Joint development of ‘groundbreaking’ turbocharger1 June 2010
Wärtsilä and ABB Turbo Systems have set up a joint development programme for what the two companies expect to be a new and groundbreaking application of two-stage turbocharging on large diesel engines. Advanced engine technology, together with two-stage turbocharging, offers significant advantages in fuel consumption and engine emissions. The market potential for this technology in power plants is believed to be very great.
The application of two-stage turbocharging to Wärtsilä engines has been developed during close co-operation between the companies over a period of three decades. In this case Wärtsilä has been focusing on developing the engine technology, which, with the turbocharger, is able to reach the highest possible performance. ABB Turbo Systems is delivering the turbocharging technology with defined performance in terms of airflow, pressure ratios and efficiency.
In the new engine design, two turbochargers are arranged in series to generate increased air pressure, airflow and a superior turbocharging effect, resulting in an efficiency rating of up to 76 %, which is extremely high. The increased air pressure, combined with the advanced engine technology, improves the engine output and power density by up to 10 %. At the same time, fuel consumption and CO2 emissions are reduced.
Further emissions reduction can be achieved with additional engine systems or by the use of exhaust gas after-treatment. A precise combination of fuel consumption levels and reductions in CO2 and NOx emissions can be selected through detailed systems configuration. Intelligent engine control allows optimum operation of the advanced engine design over the whole load range, and a significant reduction in NOx emissions can be reached. At high altitudes, 2-stage turbocharging technology guarantees the engine's operational performance by compensating for the reduced air density.
The significant reductions in fuel consumption and emissions are the result of extensive joint testing at Wärtsilä's test facility in Vaasa, Finland, of the 2-stage turbocharging system on the Wärtsilä engine. The two companies say that the development programme targets have been successfully met, as have those for another driving factor in this development work, that of significantly lowering lifecycle costs, and also the goal of lowering NOx emissions.The researchers’ calculations indicate that in certain power plant applications, the investment in advanced 2-stage engine technology could be regained in less than two years of operation.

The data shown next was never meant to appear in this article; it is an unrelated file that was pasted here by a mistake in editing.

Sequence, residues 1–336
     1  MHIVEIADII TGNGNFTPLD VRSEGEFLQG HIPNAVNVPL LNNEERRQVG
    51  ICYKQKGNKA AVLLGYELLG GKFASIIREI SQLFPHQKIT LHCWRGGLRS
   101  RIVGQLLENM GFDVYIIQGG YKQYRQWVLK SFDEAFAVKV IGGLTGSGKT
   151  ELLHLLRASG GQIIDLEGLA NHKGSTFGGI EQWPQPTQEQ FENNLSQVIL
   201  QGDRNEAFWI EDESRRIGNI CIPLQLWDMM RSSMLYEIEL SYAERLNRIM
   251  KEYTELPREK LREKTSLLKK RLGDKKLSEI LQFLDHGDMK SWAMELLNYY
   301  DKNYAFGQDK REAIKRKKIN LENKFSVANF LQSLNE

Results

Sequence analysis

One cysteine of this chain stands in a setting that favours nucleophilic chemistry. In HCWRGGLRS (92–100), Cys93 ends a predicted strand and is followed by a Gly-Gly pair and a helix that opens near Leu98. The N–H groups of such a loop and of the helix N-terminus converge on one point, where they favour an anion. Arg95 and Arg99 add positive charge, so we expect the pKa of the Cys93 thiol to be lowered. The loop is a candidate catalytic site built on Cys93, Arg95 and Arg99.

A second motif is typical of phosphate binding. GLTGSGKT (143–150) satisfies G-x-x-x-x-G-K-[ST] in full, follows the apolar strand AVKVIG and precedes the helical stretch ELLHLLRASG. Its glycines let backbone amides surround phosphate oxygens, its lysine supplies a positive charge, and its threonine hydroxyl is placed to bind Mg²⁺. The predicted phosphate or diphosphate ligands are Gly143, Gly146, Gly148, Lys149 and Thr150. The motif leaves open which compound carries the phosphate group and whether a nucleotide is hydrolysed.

“The conceptual design for the new power plant engine began three years ago,” said Mikael Troberg, technical design manager at Wärtsilä. “Testing of the concept, and verification of the technology, has been successfully carried out using four-stroke Wärtsilä 20 and Wärtsilä 32 engines. We see this technology as being a key for the next generation of our emissions-friendly engines. The technology has been developed for the four-stroke portfolio, in both marine and power plant applications. The next logical step is the two-stroke engine family for large vessels, typically as single engine installations.”
The two companies are planning to initiate a major pilot project in the field in the near future.